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Standard of Living vs. Quality of Life:

Of course, counties are only imperfect proxies for communities and the neighborhoods where kids grow up. “Spatial inequality” scores included in the DCI provide an even more fine-grained look at within-county dynamics. Spatial inequality is a measure of economic segregation that quantifies the gap in economic well-being across zip codes for counties with at least 100,000 people and composed of at least 5 zip codes. Just over 150 counties where the American Dream appears to be alive and well are large enough to have spatial inequality scores. Nearly three-quarters of those (73 percent) have below-average spatial inequality scores, meaning well-being is broadly shared across zip codes. These places represent the truest manifestations of the American Dream. Thirty-two states have at least one such county, but Wisconsin leads the pack with 10, followed by New Jersey and Virginia with nine each and California with eight.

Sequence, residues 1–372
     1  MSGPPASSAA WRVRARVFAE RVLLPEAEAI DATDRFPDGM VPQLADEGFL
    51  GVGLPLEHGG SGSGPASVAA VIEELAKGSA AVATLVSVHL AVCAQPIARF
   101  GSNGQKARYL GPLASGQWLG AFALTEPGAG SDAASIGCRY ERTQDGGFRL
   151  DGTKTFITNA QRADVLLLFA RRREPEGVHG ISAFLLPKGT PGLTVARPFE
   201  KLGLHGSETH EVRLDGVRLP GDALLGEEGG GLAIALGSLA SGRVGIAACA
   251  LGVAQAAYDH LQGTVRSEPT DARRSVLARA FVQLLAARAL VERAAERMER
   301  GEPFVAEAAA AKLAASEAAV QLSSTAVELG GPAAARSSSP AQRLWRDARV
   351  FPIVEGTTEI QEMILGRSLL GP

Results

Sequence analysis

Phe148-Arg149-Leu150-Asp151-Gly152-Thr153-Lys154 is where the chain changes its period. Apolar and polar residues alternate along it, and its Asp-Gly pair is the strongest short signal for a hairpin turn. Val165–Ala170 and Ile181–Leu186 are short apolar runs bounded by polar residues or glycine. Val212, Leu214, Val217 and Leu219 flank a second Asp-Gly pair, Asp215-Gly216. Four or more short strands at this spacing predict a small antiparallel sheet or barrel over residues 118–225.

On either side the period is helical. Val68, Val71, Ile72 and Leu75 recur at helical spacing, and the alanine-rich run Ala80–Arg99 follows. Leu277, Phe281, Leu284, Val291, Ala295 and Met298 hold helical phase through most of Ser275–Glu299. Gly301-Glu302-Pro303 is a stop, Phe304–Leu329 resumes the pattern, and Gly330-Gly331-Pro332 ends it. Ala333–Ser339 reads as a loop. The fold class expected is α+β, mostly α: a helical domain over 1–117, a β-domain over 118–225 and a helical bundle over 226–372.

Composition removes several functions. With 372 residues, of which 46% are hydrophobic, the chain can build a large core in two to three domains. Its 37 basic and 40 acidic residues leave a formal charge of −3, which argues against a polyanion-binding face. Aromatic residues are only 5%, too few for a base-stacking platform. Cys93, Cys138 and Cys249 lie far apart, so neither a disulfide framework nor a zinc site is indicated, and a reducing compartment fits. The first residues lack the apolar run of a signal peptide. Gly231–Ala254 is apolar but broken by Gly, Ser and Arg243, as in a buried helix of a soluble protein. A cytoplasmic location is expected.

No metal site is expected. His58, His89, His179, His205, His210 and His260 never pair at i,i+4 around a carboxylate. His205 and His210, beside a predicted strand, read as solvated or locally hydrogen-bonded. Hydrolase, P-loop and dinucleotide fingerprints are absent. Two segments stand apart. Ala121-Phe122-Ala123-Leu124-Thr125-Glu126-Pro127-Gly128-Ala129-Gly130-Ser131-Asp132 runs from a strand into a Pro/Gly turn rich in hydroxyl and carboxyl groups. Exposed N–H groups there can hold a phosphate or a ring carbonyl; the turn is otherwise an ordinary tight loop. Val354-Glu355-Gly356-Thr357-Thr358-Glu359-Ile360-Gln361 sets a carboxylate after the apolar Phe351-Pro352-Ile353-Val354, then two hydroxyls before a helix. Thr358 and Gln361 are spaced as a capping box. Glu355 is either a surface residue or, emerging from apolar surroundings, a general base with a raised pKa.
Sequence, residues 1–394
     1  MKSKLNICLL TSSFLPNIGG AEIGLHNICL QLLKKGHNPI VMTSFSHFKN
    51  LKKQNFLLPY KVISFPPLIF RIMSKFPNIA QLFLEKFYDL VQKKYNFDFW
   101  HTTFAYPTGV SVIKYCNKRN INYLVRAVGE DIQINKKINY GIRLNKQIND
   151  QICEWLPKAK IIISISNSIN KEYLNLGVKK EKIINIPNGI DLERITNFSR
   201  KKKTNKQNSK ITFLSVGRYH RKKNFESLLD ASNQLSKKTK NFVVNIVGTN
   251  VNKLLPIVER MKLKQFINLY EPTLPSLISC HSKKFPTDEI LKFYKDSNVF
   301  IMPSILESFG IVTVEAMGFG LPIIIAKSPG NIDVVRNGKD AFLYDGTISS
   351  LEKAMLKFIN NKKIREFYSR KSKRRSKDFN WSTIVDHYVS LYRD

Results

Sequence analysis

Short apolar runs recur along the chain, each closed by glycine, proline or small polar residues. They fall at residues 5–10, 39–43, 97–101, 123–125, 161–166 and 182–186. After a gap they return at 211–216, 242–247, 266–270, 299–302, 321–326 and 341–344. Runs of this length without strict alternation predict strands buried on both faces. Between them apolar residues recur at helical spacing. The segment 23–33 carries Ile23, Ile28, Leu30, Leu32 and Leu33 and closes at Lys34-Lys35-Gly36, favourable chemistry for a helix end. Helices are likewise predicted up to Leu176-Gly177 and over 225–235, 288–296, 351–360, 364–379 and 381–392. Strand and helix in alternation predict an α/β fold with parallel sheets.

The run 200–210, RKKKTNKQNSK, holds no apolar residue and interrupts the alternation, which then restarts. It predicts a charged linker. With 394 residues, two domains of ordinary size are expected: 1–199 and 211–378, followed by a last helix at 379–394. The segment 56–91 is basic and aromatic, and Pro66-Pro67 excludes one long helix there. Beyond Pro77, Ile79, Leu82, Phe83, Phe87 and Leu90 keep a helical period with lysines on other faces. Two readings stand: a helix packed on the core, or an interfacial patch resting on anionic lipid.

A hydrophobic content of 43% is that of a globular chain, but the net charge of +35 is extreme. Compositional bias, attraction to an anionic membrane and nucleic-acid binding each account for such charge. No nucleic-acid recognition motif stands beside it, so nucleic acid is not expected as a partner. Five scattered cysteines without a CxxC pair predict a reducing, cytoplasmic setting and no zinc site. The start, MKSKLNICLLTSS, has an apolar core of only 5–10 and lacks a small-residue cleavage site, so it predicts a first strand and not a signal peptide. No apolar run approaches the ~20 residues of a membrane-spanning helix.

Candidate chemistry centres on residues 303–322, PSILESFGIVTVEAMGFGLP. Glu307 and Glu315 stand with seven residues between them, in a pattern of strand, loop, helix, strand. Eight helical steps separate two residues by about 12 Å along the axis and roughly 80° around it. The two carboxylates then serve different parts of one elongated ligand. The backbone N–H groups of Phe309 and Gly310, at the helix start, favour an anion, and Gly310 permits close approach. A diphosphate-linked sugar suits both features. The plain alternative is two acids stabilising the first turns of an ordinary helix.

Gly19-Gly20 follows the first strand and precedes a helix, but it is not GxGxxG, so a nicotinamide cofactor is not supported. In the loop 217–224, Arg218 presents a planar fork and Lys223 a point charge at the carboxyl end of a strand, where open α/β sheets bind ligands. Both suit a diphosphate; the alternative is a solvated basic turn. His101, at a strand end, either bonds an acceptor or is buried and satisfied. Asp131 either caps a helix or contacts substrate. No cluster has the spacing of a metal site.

These prosperous, equal, and mobile counties also tend to exhibit extraordinary economic dynamism: Between 2010 and 2014, 96 percent of these counties experienced job growth, 80 percent saw a net gain in new businesses, and 88 percent increased in population. Where the economy thrives, people thrive, and vice versa. The coincidence of growth, mobility, and prosperity in these locales proves that the American Dream is more than a mirage. Of these prosperous, mobile, and equal places, Norfolk County, MA, exhibits the largest positive childhood exposure effect for kids from low-income backgrounds.